Sallie Berryman, Choctaw

Sallie Berryman Et Al., Choctaw.
Commission No. R-131.

This case was investigated in 1908 by J. W. Howell, an attorney in the office of the Assistant Attorney General for the Department of the Interior, who recommended the enrollment of claimants in his report of that year.

On October 18, 1910, Sallie Berryman personally appeared before W. C. Pollock and George Reed, representing the Secretary and Commissioner of Indian Affairs, respectively, and was examined by them.


August 1899. Appeared before Commissioner McKennon at Atoka, and testified mat she was not on the rolls of the Choctaw Nation; that she twice applied to the Choctaw Council, but that they demanded $100 before they would hear her case; that she did not have the money, and was not enrolled; that she did not apply to the commission in 1896; that her mother was a full-blood Choctaw and her father was three-quarter Choctaw; that she left Mississippi when about 7 or 8 years of age and went to Arkansas, and had at times lived in Texas and Louisiana, and came to the Choctaw Nation, Indian Territory, in October, 1888.

Was examined by Shackleford, attorney for Choctaw Nation, and Lewis, commissioner for Choctaw Nation, as to whether she had negro blood; she stated she had no negro blood. At the close of the hearing Commissioner McKennon stated:

Your enrollment will be refused; we have no authority to put you on the roll.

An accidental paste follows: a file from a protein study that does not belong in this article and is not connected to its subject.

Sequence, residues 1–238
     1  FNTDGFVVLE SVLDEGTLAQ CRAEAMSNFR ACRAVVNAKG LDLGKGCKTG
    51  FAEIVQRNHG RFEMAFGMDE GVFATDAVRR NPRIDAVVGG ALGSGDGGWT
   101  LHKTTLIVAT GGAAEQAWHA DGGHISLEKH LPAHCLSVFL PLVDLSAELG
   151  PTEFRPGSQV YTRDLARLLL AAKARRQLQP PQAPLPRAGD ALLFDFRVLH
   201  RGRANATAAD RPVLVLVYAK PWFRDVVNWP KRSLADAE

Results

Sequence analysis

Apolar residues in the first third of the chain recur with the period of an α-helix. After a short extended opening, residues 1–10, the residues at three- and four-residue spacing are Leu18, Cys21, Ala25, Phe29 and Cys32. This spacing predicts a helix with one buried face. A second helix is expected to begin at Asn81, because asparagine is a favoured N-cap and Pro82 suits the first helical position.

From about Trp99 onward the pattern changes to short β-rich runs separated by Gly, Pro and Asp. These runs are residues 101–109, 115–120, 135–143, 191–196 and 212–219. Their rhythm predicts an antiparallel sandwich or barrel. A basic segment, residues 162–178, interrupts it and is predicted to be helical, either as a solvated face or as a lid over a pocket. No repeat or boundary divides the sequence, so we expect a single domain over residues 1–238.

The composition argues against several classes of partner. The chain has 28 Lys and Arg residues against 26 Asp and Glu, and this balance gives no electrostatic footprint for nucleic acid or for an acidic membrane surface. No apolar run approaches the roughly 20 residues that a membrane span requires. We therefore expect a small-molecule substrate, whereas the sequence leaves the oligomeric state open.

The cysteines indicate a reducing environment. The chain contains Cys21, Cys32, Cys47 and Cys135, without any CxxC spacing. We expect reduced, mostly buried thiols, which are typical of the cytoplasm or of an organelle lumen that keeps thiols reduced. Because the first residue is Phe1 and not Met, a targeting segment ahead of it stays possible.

On page 206 of the Record of the Committee on Citizenship of the Choctaw Nation appears the following:

Case No. 16. Sallie Berryman, claiming citizenship. Filed in this office for further consideration this November 11, 1897, at the regular term of the General Council.

Robert Benton, Chairman of the Committee on Citizenship.

June 9, 1900. Appeared before Commissioner Bixby at Atoka, and testified that her father’s name was Neal Campbell, a three- quarter-blood Choctaw; that her mother, Lucy Anderson, was a full blood; that she claimed as a Mississippi Choctaw under the treaty of 1830, but did not know under which article, but that her parents received land in Mississippi under the treaty, and that she was born in Mississippi on the land received by her parents from the Government. At the conclusion of this hearing Commissioner Bixby stated:

In the event the commission denies the application of yourself or any of the members of your family to admission as citizens of the Choctaw Nation, you will be so advised in writing.

January 22, 1901. Decision of the commission refusing enrollment as citizens by blood, on the ground that “the names of the applicant and her above-named children and grandchildren have never been on the tribal rolls of the Choctaw Nation, and it does not appear that applicant and her said children and grandchildren have been admitted to citizenship by the tribal authorities of said nation.” and on the further ground that they had not been admitted by the commission in 1890, or the United States court.

Affidavits filed, showing applicants descended from Calvin Campbell and Alabacha, a full-blood Choctaw and from Samuel Anderson, a full blood.

February 12, 1003. Decision refusing applicants enrollment as Mississippi Choctaws. It is therein stated that the name of Calvin Campbell appears on page 111, volume 7, American State Papers, and that the name of Samuel Anderson appears on pages 40 and 127 of said record, said citations being to claims under the treaty of 1830; that the name of Alabacha appears on page 18, volume 1, claimant’s brief and evidence in case of Choctaw Nation v. United States, No. 12742, as a woman and the mother of two children under 10 years of age. The commission then holds that-

It does not appear from the testimony submitted by the applicants that the persons through whom they claim, who bear similar names to the ones mentioned In the citations from this record, are identical with the persons mentioned therein;